Julian Assange, in his skyped-in address at the 30th Chaos Communication Congress a few days ago used the phrase “a hellhole dystopia” to refer to the current security state, and also to the situation he finds himself in at the dawn of 2014. Julian exhorted the system administrators of the world to discover their class status, to rise as a class against the unjust system which threatens to comprehensively oppress us all. He uses apocalyptic language: it is now or else. Perhaps it is true, and he would know, the Internet is (and not only becoming) a massive surveillance machine. But that is what it always has incipiently been.

Sysadmins need to know who their real enemy is, and it is not merely “the state”, it is those who cause the state to abuse the Internet against the interests of its users. The class identity and class struggle Julian calls for among the sysadmins will not be catalysed merely through the fear of losing liberties and rights, it will only be catalysed in the acknowledgement that its real, active and fundamental enemy is capitalism. Whereas, in the old days, the mastery of information was mostly local, through local informants, spies etc. now, the spying is taking place globally on a preemptive and provisional basis. It used to be important for the powerful to know their enemies, now it is important to know everyone, because everybody has the potential to be an enemy, an enemy of capitalism.

Beneath the apparent political implications of this spying, what Annie Machon and others have described as the chilling effect of instilling generalized self-censorship, the financial principles of the web are at play. Personal data is the key to the ongoing investment bubble shell game which is driving the so-called digital economy today. The web could be almost anything we would like it to be, but its contemporary manifestation is conditioned by capitalist exigencies. The financialisation of personal data is absolutely central to how the web services most of us rely on every day for our social and economic lives is produced.

Many people seem not to fully realize that commercial web services need information about users in order to provide the services they do. The less they need to ask users for permission to get this information, the more seamless and satisfying the services are to use. Therefore users click the “agree” boxes and move on with their lives, augmented by the latest wonderful web-linked functionality, shrugging off the fact that they have summarily allowed (unknown and known) private companies access to their private data. The fact that webservices systemically need to work in concert to provide the expected conveniences means that, very soon the users’ data is shuttled and replicated myriad times across the web.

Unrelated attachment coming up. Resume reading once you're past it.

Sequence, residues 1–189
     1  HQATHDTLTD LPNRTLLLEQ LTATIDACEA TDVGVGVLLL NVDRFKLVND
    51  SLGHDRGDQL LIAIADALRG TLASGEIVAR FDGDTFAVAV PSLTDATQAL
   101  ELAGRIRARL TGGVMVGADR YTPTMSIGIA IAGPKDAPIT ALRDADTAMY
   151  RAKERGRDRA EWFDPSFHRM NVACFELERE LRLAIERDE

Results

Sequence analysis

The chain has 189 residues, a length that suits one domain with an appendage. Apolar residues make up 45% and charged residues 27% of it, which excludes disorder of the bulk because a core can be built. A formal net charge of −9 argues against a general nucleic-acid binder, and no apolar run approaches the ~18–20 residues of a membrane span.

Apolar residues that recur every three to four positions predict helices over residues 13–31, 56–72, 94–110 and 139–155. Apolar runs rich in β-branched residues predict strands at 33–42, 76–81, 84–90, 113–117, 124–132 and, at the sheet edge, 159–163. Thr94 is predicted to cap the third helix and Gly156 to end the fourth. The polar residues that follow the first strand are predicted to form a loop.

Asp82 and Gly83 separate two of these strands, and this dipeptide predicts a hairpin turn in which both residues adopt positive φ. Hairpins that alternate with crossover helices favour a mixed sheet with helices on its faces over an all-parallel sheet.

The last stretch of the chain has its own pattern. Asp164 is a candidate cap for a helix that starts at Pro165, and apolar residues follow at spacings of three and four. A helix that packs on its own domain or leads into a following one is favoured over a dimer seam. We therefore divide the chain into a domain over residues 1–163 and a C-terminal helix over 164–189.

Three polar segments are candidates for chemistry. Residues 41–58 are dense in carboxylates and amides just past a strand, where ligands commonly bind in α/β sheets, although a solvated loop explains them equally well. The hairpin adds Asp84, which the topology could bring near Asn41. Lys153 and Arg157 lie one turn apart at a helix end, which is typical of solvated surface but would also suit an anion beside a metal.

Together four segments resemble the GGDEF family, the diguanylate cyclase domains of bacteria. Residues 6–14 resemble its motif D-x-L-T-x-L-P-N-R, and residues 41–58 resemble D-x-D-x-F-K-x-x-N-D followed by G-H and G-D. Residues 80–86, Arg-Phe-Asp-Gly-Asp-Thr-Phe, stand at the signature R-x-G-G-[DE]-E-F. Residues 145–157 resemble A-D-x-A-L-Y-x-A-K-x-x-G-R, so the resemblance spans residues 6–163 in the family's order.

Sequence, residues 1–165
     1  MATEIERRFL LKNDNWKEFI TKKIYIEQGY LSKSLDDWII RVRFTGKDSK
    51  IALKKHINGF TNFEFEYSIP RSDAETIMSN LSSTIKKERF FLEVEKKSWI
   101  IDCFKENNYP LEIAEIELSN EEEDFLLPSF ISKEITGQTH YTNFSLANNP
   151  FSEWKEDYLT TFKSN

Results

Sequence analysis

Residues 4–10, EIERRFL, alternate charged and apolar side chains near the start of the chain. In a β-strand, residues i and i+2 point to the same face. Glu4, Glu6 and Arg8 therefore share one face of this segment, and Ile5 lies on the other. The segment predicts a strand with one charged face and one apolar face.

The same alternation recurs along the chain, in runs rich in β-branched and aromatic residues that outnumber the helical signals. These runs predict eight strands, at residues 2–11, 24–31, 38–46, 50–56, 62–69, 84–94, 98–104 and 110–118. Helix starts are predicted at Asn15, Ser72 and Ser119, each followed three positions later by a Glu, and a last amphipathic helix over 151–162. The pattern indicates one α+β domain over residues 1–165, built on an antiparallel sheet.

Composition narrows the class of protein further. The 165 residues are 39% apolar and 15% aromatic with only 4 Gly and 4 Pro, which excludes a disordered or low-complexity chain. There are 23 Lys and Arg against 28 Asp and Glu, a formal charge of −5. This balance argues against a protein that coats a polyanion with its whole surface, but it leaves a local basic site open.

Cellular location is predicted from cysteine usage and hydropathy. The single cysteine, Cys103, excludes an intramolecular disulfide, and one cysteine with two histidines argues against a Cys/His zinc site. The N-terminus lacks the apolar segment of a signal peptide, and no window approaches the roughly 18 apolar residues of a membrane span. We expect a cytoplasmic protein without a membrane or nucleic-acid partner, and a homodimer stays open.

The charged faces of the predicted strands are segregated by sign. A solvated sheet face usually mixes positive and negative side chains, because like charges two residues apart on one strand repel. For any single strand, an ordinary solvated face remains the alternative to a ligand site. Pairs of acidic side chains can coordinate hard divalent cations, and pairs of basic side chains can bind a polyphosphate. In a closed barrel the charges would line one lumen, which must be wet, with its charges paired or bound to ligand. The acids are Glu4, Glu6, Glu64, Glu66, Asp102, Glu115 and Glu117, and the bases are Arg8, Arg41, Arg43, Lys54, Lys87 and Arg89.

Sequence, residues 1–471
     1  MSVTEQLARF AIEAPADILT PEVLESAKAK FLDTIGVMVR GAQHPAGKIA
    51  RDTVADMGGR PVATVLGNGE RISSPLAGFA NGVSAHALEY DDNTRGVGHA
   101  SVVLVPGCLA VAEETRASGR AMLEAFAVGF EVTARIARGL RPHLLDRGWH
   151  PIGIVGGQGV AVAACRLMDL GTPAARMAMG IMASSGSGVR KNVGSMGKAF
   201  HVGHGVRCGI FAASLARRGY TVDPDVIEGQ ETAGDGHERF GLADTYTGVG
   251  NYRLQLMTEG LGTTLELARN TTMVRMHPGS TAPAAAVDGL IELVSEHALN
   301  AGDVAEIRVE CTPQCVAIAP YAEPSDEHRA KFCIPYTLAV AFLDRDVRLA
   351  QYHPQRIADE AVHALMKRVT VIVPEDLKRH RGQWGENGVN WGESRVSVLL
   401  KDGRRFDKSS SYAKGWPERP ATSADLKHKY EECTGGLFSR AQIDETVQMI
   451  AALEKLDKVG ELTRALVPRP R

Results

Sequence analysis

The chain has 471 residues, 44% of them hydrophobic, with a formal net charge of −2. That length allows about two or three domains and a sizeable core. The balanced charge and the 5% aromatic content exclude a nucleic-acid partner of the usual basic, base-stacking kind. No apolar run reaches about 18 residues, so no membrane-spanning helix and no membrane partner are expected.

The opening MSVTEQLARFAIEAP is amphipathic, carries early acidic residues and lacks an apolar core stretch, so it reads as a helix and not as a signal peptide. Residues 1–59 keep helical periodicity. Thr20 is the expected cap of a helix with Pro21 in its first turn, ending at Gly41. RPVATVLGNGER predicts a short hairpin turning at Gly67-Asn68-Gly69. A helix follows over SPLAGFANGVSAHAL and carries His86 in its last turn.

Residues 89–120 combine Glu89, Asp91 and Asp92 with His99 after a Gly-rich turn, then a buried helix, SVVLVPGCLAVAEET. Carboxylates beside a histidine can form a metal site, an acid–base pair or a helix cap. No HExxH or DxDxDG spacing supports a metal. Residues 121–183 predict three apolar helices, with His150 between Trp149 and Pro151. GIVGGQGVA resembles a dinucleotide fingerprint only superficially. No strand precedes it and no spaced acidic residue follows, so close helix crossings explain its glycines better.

Sharing personal data is intrinsic to a wired lifestyle. There is no other way around it. Companies might be pressured into taking certain technical steps to limit access to private data they themselves acquire from users, but that will simply make the provision of the services users are conditioned to rely on less efficient. The more user data is interoperable across various platforms, the more amazing new intuitive webservices can be developed, making possible ever newer forms of sociability. That, under prevailing conditions of capitalism, this new sociability is always capitalised, should come as no surprise.

The world is a “dystopian hellhole” because users are mountaintop utopians. The cloud is privately-owned industrial server farms located on real privately-owned plots of land. The web is increasingly private property, and has become that way because users are willing to put up
with the unfairness of private ownership in exchange for certain services they have been convinced they need. They need these services for the financialization of their own lives, for their mere survival in an economy where life and productive work (for private interests) is indistinguishable. So we need to discuss to what extent the private-sphere sacrifices demanded of web users are actually avoidable under capitalism. To eschew one’s own (data-) interoperability is ostensibly to compromise one’s value on the life-labour market, compromising one’s own economic auspices under capitalism.

Users seem to prefer the unfairness of private ownership over the unfairness of commonly elaborated policy. Capitalism’s automatic indifference is seen as preferable to human limitation and potential failure. In other words, machines never disappoint, and users prefer dissatisfaction to disappointment. It should then come as no surprise that the world is becoming increasingly inhuman. The messy and inadequate systems of governance, with all the checks and balances we have laboured over for generations are being superseded by the call to convenience and interoperability. The inexorable drive of capitalism produces a scenario where (self-)exclusion can be fatal. No wonder that we wake up every morning ready to even more consummately surrender our most intimate information to web services.

“Hellhole dystopia” is simply a way of describing the eternal present, its inexorable and excruciating complexity, its enormous and intractable social exigencies and challenges. It is the counterface of a heavenly utopianism which is metaphysical, quasi-religious Messianism. Julian Assange is a living breathing, blogging, vlogging stigmata. He is being sacrificed for all of us to continue going about our insecure and compromised hellhole existences. But, as far as emancipating the Internet-using public, the ‘truth’ he struggles for has long been available. Users are being exploited, used, for profit, not their own. Users are financialized life-work beings whose mere existence, in data and otherwise is integral to the production of value for investors.